In the argument of quantity vs quality, I’ve seen a shift over to the quantity side and I agree with a lot of their arguments. What I’ve seen said lately is not that quality isn’t valuable, but that the mindset that comes from producing a few high quality things isn’t conducive to effective learning. It leads to a lot of wasted time polishing potential bad foundations, when you could move on and try again. Rather, you should produce a lot so that you get quality through quantity.
It reminds me of a behind-the scenes-interview with a National Geographic photographer. Wildlife photography is notoriously difficult because you have no control over your subjects, but they managed to get about 16 absolutely stunning images for the article. Perfect light, composition, action, storytelling. How did they manage this? Did they have a bunch of fancy equipment? Are they incredibly lucky or skilled? Well… yes, they did have the equipment and skill and the opportunity, but the reason they got those 16 perfect shots is they chose the absolute cream of the crop from a pool of something like 4000. Quality out of quantity. If they waited and only took 16 of what they thought were perfect images, they would have missed out on all the best moments.
Now coming at it from an artist’s point of view that analogy isn’t entirely 1:1, as in art you do have control over your production, but the idea is to give yourself the opportunity to produce those gems by sheer dint of volume.
The other analogy that’s often brought up is the story of a university professor teaching a beginner pottery class. They split the class into 2 groups, one group tasked with making the best clay pot they could, and the other with making as many clay pots as possible, graded by weight. The first group spent most of their time researching, planning and thinking and produced a couple of pots in the last week, while the other immediately jumped on the wheel and started churning out pots. In the end, it turned out the group marked on quantity also had the best pots among them. Their practice led them to improve their ability very quickly, and having no expectations of quality left them more freedom to experiment. They made a lot of bad pots too, but it didn’t matter because those still contributed to the weight. Every finished pot was a success in its own way. And sometimes, everything clicked and they made the best pots of the lot.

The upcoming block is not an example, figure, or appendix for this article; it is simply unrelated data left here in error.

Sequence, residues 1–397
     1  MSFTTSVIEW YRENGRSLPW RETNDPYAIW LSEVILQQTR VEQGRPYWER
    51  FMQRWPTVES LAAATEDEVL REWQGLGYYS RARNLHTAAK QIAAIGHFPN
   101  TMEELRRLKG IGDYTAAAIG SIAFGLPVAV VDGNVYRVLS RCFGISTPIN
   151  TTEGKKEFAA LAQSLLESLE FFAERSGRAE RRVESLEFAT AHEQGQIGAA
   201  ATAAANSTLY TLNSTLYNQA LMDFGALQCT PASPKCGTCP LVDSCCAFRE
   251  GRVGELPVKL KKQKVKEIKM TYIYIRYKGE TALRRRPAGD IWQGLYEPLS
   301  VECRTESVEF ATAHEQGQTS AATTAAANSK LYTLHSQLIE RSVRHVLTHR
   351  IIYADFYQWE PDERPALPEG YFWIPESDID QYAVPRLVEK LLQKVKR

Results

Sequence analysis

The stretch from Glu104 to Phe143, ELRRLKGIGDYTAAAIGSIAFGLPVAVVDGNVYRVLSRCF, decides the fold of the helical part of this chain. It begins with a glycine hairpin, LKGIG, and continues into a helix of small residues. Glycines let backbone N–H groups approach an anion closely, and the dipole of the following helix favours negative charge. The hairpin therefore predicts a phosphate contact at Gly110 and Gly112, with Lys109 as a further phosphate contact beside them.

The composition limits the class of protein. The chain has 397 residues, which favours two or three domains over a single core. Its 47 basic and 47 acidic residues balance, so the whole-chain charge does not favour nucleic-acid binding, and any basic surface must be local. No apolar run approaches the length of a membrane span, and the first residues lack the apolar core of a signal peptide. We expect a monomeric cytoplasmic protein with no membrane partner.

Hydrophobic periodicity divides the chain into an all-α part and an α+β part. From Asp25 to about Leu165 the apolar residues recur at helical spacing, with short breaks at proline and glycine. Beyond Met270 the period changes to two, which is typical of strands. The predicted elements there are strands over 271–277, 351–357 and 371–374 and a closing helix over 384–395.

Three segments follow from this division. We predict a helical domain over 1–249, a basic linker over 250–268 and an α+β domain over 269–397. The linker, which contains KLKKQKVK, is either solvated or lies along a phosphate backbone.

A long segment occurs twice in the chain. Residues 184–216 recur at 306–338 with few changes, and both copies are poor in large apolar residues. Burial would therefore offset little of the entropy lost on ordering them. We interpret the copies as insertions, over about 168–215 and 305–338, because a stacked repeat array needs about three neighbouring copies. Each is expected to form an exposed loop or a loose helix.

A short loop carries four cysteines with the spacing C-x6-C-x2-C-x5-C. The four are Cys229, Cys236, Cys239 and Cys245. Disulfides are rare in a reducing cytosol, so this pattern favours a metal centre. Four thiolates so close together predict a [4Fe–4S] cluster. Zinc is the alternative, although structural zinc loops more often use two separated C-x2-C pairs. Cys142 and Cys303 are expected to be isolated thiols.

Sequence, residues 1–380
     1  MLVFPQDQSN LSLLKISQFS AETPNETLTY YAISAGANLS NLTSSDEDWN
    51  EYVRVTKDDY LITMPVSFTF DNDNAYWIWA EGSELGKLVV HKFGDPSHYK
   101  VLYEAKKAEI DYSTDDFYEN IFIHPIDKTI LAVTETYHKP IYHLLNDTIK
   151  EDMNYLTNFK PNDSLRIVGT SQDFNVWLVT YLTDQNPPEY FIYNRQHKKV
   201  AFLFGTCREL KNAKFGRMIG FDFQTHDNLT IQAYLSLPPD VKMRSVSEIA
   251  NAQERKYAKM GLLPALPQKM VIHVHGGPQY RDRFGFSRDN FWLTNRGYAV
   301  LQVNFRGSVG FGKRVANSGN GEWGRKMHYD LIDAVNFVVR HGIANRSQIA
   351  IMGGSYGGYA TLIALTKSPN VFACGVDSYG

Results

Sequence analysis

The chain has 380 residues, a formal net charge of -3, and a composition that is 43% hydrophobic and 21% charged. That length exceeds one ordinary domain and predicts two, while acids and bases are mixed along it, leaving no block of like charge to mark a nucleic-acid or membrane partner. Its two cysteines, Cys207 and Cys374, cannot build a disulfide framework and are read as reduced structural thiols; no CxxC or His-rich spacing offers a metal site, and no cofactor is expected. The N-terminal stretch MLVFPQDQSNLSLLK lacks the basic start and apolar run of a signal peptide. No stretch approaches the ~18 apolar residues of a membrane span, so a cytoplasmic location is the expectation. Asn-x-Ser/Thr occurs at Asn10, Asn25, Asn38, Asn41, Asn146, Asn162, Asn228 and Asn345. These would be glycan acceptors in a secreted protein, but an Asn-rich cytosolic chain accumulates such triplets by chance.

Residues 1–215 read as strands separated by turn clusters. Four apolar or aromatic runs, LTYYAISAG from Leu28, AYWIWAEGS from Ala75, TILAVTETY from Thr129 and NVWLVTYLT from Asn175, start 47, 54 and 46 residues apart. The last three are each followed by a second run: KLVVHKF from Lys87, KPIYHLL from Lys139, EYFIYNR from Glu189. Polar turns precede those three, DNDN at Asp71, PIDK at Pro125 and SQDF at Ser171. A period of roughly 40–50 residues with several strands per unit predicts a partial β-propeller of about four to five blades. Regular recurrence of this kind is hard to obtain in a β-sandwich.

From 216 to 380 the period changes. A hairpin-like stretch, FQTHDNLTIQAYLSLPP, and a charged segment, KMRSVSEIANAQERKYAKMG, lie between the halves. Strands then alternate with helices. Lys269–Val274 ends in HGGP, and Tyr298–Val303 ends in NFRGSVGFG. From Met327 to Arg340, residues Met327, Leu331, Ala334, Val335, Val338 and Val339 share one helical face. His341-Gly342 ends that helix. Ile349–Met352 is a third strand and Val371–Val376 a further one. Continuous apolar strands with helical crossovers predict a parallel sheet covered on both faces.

The best results come out of a focus on process, working on your ability rather than the final product. Improvement from iteration. Progress from practice.
Now, just making lots of things doesn’t necessarily guarantee improvement, you’re not going to get better making the same mistakes over and over. You have to be actively trying to shore up your weak points, double down on your strengths and experiment with new ideas, but as long as there’s that drive you’ll figure it out.
So get out there, and Produce! Make stuff, even if it’s bad, even if it gets no attention, even if no one understands it. It’s all a step on the road, a step on the journey taking you that one step closer to your destination. Just keep walking, and who knows what gems you might discover. I can’t wait to see it.